Prepare for coronavirus with this checklist
Feeling overwhelmed by COVID-19? This checklist can help.
Updated . What changed?
We’ll continue updating this page with resources and information as new details emerge on how Canadian leaders and businesses are responding to COVID-19.
The coronavirus emergency is rapidly changing. If the relentless news cycle about coronavirus has left you feeling paralysed with uncertainty, Finder is here to help. This simple checklist will prepare you for whatever lies ahead.
Read on for information on each stage of the checklist. If you’re happy you’ve dealt with that issue, tick the box, the stage will be hidden and you can move on to the next one.
What's in this guide?
Don’t panic if you are unable to tick every box on the list. The main ones to consider are health – both mental and physical – and hygiene. Anything else is just a bonus.
Step 1: Assess your current health
Are you or any of your family members displaying symptoms of COVID-19? If you suspect you may be infected, use this self-assessment tool from the government of Canada and it will guide you through what to do.
On July 31, 2020, the federal government released the COVID Alert app (for Android and iOS) to help track and prevent the spread of coronavirus. This non-mandatory app lets users report if they’ve tested positive for COVID-19 and anonymously notifies people nearby that they may have been exposed. Currently, only residents of Ontario can use the app to report their test results, but soon this functionality will be extended across Canada (the exact date has not yet been announced).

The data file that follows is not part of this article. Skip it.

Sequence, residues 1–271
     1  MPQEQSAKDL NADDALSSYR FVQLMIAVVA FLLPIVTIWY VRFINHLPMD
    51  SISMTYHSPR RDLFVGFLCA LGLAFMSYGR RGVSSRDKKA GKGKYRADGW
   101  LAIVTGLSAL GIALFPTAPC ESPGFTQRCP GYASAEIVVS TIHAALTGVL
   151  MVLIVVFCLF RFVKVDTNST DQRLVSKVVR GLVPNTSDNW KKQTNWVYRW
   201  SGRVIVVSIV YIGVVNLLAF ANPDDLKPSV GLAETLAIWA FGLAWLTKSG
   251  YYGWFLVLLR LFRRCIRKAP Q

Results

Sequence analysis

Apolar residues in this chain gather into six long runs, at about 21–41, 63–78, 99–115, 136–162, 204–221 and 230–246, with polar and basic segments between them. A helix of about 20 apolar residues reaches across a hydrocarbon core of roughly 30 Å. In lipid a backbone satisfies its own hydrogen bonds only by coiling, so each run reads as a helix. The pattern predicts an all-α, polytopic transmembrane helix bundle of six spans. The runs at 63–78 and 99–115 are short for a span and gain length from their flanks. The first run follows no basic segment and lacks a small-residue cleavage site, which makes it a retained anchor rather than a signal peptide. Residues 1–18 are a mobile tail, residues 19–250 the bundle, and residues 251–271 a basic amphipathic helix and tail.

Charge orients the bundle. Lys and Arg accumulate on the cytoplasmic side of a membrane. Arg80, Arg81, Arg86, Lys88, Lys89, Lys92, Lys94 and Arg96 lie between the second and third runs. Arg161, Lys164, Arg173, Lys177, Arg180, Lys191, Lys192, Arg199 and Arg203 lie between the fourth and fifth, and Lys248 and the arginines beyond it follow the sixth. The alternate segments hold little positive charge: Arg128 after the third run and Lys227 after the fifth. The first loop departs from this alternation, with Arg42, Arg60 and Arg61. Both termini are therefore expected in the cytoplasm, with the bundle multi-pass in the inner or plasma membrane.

Step 2: Practice good hygiene
Personal hygiene is one of the most important factors in preventing COVID-19’s spread. Ensuring your hands are thoroughly clean at all times will reduce the risk of infection. This means regularly washing them with soap and water. If you’re not sure how to wash your hands properly, follow the World Health Organisation’s step-by-step guide below.
It’s also a good idea to have a bottle of hand sanitizer at the ready for situations when soap and water aren’t available. For maximum effectiveness, you should only buy hand sanitizers that are at least 60% alcohol-based.
Other preventive tips include keeping your nails trimmed and cleaned, avoiding hand-to-hand contact with other people, minimizing the touching of objects and surfaces in public places and keeping your fingers away from your eyes, nose and mouth. Naturally, you should also keep a healthy distance from anyone who is coughing or sneezing.
Step 3: Avoid large crowds
Although public places such as stores and restaurants are beginning to open up again for business, Canadians are still urged to exercise great caution when heading out and to wear face masks to help avoid spreading the virus. However, there are some grey areas such as shopping centres where personal discretion is advised.
To minimize the chance of infection, carefully consider whether you need to be in any crowded environments. This is especially important if you are over the age of 60 or have an underlying medical condition. (This includes diabetes, heart disease, respiratory disease and hypertension.)
Step 4: Stockpile sensibly
There is currently no need to stockpile household items such as food, water or toilet paper in Canada. With that said, some government organizations such as the US Department of Homeland Security (DHS) are providing general stockpiling information for large-scale pandemics.